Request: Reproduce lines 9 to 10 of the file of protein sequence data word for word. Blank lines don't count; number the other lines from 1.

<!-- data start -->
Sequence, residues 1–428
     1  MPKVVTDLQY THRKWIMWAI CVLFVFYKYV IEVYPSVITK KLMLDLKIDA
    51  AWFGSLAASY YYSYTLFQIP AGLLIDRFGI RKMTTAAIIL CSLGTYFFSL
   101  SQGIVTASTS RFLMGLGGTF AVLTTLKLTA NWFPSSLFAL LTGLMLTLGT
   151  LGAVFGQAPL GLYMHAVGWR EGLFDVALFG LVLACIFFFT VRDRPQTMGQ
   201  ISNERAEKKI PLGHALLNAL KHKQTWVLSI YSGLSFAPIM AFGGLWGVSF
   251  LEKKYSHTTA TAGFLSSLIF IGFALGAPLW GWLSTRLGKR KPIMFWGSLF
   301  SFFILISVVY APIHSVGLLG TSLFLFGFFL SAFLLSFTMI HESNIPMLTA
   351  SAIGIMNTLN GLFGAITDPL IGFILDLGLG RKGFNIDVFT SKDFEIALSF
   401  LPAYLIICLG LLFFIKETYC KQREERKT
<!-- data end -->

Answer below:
   351  SAIGIMNTLN GLFGAITDPL IGFILDLGLG RKGFNIDVFT SKDFEIALSF
   401  LPAYLIICLG LLFFIKETYC KQREERKT